That’s they exact same thing Chris Landry of Landryfootball said yesterday. Even used the term ‘red-shirt’. I like Landry bc he seems to really know his stuff. Wasn’t Preston Smith a 2nd rnd pick? I would use the #9 for a starter and find some redshirt guys in the later rounds like after the third.

  7. CreamsicleBananaHammock Says:


    Ugh, I can’t stand Landry….I’m almost embarrassed to hear that him and I are on the same page here.

    I understand the desire to find a “starter” or “impact player” at #9 — and at 9 you better find a starter and impact player. My point is that we can’t expect a double digit sack guy next year out of that spot. I mean look at that list. The first round leader in sacks as Bud Dupree with 4 — and he’s a 3-4 OLB not even a DE.

    We need to add Bruce Irvin, JPP, or Vernon in FA. We have no choice about that if we actually have eyes for the playoffs next year. Yea, Spence or Lawson could end up eventually being double digit sack guys but if we’re counting on a rookie next year to provide us with our pass rush then we are going to be in a world of hurt once again.

    I’m just a big fan of Jaylon Smith, the way he plays and the kind of guy he is. And I am just salivating at the thought of him, Kwon and LVD roaming the field in pewter and red.

  8. martinii Says:

    I’m no expert, but picking a draft pick seems comparable to cutting a deck of cards and getting the ace of spades 3 times is succession. I know they pay scouts good money to analyze year round for players compatible with the current regimes system. Hell they start looking at these kids in high school and track their performance for years.And still under no circumstance is this an exact science. Thats why a kid like Ali Marpet amazes me. Over the years I have monitored the first round of several drafts and found that after about the 5th pick all bets are off. I can understand why Dirk is frustrated, just like any fan who advocates his opinion in a mock draft and realizes for several months prior to the last weekend in April he has wasted valuable time that he won’t get back.

  9. DB55 Says:


    All good points. I’m in the wait and see mode right now.

  10. Bucco Brice Says:

    key words here being “whether a player really loves the game”….I think a lot of today’s players don’t fit that criteria….Bucs need to focus on getting a team FULL of these type of players…and let the Dynasty begin!!!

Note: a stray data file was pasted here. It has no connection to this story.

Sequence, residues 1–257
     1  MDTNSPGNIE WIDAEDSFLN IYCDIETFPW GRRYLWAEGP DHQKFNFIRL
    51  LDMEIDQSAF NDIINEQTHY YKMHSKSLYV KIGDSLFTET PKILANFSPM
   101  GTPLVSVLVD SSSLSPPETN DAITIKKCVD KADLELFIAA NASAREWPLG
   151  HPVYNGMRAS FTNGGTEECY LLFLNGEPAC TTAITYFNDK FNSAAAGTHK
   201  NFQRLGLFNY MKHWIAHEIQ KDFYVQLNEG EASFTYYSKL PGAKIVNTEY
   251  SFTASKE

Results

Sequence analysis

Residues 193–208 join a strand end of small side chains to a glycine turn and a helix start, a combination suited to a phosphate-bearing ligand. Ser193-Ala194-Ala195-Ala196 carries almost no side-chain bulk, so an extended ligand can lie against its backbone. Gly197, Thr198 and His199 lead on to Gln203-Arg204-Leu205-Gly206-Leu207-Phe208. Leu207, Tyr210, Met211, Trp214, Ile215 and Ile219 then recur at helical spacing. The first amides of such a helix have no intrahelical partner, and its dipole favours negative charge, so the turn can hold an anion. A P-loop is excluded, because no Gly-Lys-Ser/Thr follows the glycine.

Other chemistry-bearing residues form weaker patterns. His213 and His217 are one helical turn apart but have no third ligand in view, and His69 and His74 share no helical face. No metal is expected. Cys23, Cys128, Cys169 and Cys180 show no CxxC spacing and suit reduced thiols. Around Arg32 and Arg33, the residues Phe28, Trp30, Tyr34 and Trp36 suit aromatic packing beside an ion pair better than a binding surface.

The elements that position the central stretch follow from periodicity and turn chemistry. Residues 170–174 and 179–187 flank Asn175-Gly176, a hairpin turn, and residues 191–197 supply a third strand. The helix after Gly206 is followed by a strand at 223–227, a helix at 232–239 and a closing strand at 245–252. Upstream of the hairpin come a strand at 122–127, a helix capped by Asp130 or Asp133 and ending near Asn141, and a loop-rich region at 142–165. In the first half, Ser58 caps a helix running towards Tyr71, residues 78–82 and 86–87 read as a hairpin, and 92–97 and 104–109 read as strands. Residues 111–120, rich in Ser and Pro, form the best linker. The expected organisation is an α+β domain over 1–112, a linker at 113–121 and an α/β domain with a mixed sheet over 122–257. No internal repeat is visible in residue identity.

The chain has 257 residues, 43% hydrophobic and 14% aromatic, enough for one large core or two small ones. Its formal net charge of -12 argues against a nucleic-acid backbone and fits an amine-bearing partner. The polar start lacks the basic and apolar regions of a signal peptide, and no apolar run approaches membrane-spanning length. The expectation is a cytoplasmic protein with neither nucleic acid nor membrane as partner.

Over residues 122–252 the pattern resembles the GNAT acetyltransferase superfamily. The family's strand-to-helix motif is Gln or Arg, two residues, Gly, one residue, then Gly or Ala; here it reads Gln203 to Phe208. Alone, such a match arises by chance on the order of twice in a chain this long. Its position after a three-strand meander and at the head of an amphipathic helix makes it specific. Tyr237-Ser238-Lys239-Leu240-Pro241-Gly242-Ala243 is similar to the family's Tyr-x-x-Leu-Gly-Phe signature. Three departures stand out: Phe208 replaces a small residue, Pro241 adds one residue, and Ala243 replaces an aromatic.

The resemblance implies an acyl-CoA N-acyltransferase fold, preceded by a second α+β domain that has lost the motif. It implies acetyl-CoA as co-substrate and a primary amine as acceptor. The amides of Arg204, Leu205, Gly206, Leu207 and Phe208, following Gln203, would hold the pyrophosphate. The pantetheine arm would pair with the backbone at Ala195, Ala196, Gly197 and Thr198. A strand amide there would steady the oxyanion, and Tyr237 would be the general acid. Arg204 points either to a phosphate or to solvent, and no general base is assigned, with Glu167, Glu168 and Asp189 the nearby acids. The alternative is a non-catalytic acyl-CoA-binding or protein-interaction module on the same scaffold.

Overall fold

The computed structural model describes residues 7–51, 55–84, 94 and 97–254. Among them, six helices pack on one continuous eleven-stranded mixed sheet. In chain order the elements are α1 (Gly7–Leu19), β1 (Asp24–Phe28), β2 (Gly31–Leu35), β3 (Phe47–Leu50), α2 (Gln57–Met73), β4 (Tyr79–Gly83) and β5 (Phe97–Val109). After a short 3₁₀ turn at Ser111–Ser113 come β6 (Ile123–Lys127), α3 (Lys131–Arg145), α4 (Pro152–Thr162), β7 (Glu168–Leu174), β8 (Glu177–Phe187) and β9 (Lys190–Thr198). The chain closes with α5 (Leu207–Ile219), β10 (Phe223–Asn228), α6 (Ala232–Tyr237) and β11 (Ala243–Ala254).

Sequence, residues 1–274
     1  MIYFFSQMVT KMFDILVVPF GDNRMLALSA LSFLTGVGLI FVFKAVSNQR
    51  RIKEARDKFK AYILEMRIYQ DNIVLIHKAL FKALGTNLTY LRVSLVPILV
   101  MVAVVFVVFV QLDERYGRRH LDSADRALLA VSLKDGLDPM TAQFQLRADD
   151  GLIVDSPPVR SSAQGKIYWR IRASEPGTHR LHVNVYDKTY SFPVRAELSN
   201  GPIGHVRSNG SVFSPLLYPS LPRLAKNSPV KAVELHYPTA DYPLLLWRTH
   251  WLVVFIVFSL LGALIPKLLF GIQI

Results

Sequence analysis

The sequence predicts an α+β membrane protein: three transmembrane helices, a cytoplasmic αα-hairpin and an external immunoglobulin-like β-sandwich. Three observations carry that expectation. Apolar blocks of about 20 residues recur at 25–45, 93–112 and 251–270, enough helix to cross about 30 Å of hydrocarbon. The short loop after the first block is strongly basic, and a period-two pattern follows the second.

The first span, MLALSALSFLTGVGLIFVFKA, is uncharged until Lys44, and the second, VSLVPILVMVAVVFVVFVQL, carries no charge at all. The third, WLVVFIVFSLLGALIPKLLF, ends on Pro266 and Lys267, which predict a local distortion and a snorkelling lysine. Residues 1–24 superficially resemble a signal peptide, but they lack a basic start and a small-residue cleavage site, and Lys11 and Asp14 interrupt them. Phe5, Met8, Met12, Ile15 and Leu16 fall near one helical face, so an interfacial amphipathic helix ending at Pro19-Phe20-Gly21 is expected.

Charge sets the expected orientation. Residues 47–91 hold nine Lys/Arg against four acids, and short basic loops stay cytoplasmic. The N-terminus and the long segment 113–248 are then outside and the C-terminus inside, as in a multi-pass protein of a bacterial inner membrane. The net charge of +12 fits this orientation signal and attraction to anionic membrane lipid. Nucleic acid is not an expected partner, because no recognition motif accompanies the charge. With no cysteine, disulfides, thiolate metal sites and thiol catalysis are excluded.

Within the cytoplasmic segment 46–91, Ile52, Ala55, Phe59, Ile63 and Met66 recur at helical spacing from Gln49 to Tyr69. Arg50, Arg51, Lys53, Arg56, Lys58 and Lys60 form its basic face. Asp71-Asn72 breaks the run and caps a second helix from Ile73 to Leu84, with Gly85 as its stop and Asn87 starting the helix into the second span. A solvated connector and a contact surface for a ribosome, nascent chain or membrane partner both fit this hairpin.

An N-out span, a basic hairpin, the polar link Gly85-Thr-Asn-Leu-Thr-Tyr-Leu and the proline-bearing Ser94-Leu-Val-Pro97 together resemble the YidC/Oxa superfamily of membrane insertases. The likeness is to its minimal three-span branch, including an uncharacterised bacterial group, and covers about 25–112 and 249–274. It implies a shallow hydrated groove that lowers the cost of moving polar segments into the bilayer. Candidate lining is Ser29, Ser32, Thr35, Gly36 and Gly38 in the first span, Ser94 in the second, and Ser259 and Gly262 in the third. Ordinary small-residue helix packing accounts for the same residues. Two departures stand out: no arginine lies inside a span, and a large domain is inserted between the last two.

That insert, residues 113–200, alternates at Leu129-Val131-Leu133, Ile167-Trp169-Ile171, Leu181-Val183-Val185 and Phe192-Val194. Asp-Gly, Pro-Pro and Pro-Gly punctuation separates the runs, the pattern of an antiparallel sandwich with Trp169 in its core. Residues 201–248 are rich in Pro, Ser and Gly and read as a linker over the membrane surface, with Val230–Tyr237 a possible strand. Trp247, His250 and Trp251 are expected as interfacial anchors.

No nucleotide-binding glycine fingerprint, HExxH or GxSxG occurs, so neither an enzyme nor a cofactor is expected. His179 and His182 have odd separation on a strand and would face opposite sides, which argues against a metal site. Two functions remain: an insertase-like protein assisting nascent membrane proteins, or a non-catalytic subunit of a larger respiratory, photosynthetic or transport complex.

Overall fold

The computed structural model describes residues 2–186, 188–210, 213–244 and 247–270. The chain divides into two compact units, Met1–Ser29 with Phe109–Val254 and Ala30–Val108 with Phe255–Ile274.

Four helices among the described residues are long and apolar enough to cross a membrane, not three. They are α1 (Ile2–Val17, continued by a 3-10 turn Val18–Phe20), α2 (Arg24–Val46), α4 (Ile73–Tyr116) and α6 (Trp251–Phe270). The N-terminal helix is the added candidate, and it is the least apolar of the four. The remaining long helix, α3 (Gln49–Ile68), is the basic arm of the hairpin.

11. Mike Johnson Says:

    Da haha!! Koetter thinks he was frustrated scouting aye? Lets see how his frustration is if he cannot turn the Bucs around from Losers to winners. I got a feeling that broad smile of his will need some work once the losing starts.

  12. William Walls Says:

    That’s the spirit, Mike!

  13. StPeteBucsFan Says:

    William Walls Says

    That was a great post. I’m still LMAO

  14. Bill Says:

    It’s interesting that Joe would draw a connection between this comment and the “stat nerds” because this comment is not about data driven insights. It’s about traditional scouting and the fact that scouting in any form comes with unknowns. ie you didn’t know what the play call was… but few people do.

    I like Koetter so far, but he’s beginning to sound a bit like a micro-manager. You can pull that off as a coordinator, but it’s not a good trait for a head coach. Simplifying the issue to “players who love football” sounds swell, romantic even, but we all know there’s more to it than that. Koetter knows it too, as his comments about not being able to beat the PAC12 powerhouses would suggest.

  15. Trubucfan22 Says:

    Production in college means nothing. Being a great college player means nothing in the NFL. If you peak in college you will not last long in the NFL. But if you have great raw talent, work ethic, and passion for the game, you can be something in the NFL. Look at all the first round draft busts. They all had super productive careers in college, and had enough raw talent to get drafted in the top 32. But they didnt have passion and work ethic. The 2 biggest x factors in the NFL. Everyone has talent in the NFL. But not everyone has passion and work ethic.